Types of Physical Urticaria

Many of these types of urticaria can occur together in a person with CU.

Aquagenic urticaria occurs on contact with water. This is a very rare form of urticaria, and is different from cold urticaria and cholinergic urticaria in that the temperature of the water does not matter. It is diagnosed by applying tepid water to the patient’s skin.

Cholinergic urticaria results from a rise in core body temperature. It occurs with exercise, sweating, and passive warming, as well as elevated air temperatures. The rash of cholinergic urticaria is smaller than classic urticaria, and itching may occur without the presence of wheals. It is typically diagnosed by inducing sweating, either with exercise or immersing the hand in hot water.

Cold-induced urticaria occurs after exposure of the skin to cold temperatures, particularly in damp and windy weather. Diagnosis is generally made by rubbing an ice cube on the patient’s forearm or immersing the hand in cold water to see if wheals appear.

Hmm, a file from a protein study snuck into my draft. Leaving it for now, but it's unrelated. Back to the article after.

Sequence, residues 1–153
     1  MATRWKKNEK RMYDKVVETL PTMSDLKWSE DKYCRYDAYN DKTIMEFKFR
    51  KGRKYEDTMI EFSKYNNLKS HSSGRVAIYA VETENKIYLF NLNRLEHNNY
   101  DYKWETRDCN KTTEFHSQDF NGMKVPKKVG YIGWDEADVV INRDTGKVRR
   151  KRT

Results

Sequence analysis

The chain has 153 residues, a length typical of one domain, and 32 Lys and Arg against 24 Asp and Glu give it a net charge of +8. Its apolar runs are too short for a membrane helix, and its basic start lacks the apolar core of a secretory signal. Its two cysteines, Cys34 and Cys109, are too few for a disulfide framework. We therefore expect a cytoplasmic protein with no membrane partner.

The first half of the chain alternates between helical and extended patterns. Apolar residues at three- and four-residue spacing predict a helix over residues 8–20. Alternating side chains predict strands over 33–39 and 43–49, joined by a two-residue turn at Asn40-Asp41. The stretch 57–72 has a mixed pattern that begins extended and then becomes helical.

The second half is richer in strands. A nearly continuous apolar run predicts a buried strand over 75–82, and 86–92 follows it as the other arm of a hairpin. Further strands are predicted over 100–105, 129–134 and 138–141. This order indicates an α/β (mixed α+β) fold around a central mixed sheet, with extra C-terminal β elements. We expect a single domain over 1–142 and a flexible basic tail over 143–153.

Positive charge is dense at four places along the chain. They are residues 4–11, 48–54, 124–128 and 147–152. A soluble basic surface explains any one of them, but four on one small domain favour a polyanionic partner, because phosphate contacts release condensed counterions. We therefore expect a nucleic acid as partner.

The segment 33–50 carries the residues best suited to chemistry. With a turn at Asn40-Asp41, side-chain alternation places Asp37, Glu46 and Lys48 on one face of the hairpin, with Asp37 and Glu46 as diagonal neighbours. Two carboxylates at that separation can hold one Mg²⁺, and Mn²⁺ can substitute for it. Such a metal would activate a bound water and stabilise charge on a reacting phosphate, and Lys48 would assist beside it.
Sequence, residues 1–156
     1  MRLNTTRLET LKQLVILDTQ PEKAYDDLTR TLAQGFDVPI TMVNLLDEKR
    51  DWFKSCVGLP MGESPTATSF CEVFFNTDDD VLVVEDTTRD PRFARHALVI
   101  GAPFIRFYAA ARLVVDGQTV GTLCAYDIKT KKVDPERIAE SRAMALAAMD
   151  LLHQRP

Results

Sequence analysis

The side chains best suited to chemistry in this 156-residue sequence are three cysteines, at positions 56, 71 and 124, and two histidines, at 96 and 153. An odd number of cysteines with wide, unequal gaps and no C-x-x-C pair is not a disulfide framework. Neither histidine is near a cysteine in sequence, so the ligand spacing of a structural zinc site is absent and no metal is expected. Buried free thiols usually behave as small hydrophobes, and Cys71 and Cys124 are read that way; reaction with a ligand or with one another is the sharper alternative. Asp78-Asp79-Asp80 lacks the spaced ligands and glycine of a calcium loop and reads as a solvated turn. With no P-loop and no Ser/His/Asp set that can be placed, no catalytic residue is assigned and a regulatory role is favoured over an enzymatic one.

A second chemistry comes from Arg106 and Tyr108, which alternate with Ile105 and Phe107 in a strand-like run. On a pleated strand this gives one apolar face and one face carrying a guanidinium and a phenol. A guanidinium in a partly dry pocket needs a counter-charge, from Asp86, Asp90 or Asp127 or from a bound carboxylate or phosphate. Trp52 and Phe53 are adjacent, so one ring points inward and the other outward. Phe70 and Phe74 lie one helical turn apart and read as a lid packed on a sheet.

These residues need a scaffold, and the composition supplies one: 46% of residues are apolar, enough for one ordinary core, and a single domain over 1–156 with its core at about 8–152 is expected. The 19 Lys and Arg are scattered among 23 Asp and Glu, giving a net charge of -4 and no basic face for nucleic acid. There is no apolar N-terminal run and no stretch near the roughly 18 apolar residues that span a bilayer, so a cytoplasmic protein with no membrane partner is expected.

Dermographism (also called dermatographism) is a wheal-and-flare response to rubbing or firm stroking of the skin. The stimulus can be a hard shower, clapping of the hands, or scratching, to name a few. Dermographism is often diagnosed by simply scratching on the patient’s skin and observing the response.

Delayed pressure urticaria (DPU) occurs as a delayed response to pressure against the skin. Hives may not appear for as much as six hours after the pressure stimulus. The pressure can be from clothing, walking, leaning against something, etc. DPU can be distinguished from dermographism by the fact that hives arise much later and last longer than with dermographism. Diagnosis is made by applying pressure to the patient’s skin and observing the area six hours later.

Solar urticaria comes from exposure to the sun, and only the parts of the skin exposed to the sun are affected. This is a rare form of urticaria. It is diagnosed by exposing the patient’s skin to the sun.


Scott, C.B. and Moloney, M.F. (1996). Physical urticaria: A common misdiagnosis. The Nurse Practitioner, 21(11), 42-59.

Wanderer, Alan. (2003). Hives: The Road To Diagnosis and Treatment of Urticaria. Bozeman, MT: Anson Publishing